At the beginning it was decided to have two separate shacks about 1 km apart in two different hotels. Those hotels mostly ran on generators with one of them cutting off the power for 12 hours, from 5 AM to 5 PM local. We had to pay for diesel generator use and fuel. All my previous operations weren’t really pushed for us to do the low bands, so we decided to have 160/80 antennas feeding one of the shacks. Well, when Vlad, R7LV tuned those antennas to full Effective Radiated Power – the RF completely wiped out the other two radios in the shack. Then we had to move that 160/80 to the remote beachfront location at the new Eco-Hotel under construction on Delicia Beach – a more than perfect location for low bands and for operation in general. Six radios, six ACOM 1010s and other gear made up for about one ton of equipment. So, in the end we had two sites with two and three radios respectively and one site for the low bands – heaven for Jeff, K1ZM and Yuri, RL3FT, who stayed there after Vlad, R7LV went home. The only “slight” issue – it gets to about 38-40 degrees in the morning…
And yes, the first hop was hitting Italy, Greece, Spain and Southern Russia. All those stations were 40-60 over S9!
Given the Socotra location, propagation-wise, how was operation organized during the day?
I had experienced almost the same conditions with ST0R, so we operated the first day doing all we could to set the schedule and confirm propagation.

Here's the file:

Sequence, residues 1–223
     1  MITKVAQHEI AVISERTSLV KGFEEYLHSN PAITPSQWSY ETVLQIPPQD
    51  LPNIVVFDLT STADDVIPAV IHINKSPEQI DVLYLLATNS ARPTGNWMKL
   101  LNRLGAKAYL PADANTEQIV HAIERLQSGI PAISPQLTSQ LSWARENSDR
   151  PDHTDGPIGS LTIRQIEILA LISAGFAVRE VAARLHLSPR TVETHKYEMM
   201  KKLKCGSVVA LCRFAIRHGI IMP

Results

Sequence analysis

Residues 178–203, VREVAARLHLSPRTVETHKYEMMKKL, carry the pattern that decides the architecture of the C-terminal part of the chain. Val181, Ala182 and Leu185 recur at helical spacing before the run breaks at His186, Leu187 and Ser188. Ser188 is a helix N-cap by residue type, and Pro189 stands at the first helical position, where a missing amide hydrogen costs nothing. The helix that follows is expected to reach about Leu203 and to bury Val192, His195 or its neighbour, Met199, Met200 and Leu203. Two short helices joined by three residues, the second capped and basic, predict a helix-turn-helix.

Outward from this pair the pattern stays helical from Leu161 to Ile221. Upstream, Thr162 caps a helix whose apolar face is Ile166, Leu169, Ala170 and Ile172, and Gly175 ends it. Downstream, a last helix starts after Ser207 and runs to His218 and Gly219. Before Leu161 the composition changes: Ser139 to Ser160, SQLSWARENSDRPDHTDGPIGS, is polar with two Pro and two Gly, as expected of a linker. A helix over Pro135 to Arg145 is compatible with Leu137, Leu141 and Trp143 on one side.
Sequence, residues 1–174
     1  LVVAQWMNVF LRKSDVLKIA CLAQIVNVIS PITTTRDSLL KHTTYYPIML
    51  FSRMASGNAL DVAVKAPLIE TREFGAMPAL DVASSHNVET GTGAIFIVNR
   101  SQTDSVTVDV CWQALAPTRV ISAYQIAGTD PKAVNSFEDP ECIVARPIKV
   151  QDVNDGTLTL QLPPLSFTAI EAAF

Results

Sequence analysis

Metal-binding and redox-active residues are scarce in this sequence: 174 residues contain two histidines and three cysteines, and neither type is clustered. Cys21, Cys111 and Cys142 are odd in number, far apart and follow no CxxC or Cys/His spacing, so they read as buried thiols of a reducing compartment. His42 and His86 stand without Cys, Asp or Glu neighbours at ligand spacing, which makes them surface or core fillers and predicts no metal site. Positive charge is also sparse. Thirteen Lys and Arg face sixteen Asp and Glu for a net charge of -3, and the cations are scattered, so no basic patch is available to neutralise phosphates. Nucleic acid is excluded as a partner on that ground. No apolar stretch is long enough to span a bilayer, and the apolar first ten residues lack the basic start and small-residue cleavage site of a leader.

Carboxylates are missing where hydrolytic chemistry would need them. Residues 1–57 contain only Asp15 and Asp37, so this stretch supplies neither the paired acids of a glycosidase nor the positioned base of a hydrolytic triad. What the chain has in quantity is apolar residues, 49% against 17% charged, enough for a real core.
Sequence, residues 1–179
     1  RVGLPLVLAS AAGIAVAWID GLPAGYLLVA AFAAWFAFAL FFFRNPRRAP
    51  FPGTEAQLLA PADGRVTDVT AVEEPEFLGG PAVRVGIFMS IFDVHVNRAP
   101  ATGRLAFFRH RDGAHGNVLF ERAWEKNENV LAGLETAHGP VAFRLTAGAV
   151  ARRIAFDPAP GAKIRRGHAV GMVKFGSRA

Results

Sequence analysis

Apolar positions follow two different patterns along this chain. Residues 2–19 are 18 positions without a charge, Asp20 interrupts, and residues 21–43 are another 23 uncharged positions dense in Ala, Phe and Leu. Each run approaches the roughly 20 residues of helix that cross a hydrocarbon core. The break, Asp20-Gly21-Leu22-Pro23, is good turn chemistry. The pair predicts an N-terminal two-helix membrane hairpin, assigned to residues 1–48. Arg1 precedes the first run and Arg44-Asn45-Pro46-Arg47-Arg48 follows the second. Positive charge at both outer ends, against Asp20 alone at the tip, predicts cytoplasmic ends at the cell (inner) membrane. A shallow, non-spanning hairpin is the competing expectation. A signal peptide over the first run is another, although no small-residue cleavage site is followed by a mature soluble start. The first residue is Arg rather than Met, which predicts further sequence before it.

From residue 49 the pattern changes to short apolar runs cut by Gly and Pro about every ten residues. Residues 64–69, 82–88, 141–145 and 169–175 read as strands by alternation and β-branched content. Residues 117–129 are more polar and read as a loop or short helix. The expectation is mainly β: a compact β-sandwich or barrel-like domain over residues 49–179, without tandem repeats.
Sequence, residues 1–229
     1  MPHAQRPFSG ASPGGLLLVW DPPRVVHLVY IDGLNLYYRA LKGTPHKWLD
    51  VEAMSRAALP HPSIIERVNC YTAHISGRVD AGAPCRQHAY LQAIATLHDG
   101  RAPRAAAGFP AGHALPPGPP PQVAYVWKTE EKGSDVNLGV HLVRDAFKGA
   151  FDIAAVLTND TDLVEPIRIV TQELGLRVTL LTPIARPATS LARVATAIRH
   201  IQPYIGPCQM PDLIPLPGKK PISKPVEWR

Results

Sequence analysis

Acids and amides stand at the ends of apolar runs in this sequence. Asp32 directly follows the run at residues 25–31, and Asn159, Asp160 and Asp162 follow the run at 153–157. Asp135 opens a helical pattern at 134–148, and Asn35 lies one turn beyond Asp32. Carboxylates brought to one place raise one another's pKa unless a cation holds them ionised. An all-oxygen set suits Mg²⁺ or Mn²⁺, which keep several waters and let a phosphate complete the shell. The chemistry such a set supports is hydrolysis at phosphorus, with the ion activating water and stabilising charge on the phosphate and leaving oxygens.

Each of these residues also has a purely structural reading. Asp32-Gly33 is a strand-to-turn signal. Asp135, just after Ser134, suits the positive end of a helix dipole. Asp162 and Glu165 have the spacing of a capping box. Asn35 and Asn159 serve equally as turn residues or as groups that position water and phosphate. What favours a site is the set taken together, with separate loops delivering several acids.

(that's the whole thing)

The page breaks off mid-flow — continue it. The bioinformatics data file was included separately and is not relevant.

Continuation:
7O6T scored more than 162,000 contacts. That means, in two weeks, around 10.000 QSOs a day! I’d say it’s an incredible amount of work for the team’s operators…
The first day generated almost 18,000 contacts – when the pile-up wore down – it came to a comfortable 150-300 contacts per hour depending on the mode, but our goals were not just to operate on all modes, but to be on at least two bands constantly, to work as many unique calls as possible. Two weeks before the operation most of us dreamed to have at least one contact with Yemen, but now everyone wanted to have RTTY, JT-65, 60 meters along with other personal interests. While we do understand the will and need, we only operated on RTTY for the time at a less than 100 contacts per hour rate. To those who blamed us for not operating on RTTY – we didn’t have a dedicated DIGI operator with passion enough to sacrifice the contact with that low-power newcomer to the “new band/mode” guys.